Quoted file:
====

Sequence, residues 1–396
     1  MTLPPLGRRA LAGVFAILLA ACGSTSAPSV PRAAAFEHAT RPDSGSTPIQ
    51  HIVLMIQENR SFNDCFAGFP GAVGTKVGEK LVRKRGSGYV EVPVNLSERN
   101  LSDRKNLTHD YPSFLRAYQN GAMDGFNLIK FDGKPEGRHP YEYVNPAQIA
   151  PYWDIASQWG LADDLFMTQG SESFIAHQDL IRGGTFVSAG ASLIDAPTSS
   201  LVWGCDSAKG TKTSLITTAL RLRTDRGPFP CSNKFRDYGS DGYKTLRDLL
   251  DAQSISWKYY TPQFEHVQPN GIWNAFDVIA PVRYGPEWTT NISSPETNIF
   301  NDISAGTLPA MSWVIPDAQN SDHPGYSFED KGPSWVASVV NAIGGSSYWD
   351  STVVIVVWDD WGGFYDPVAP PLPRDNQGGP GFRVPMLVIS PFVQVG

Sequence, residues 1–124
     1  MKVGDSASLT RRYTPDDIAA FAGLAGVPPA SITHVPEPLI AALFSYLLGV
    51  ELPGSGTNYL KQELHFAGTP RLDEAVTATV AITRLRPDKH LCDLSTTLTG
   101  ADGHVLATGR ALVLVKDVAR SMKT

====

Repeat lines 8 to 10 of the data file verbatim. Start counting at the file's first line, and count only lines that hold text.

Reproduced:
   301  NDISAGTLPA MSWVIPDAQN SDHPGYSFED KGPSWVASVV NAIGGSSYWD
   351  STVVIVVWDD WGGFYDPVAP PLPRDNQGGP GFRVPMLVIS PFVQVG

Sequence, residues 1–124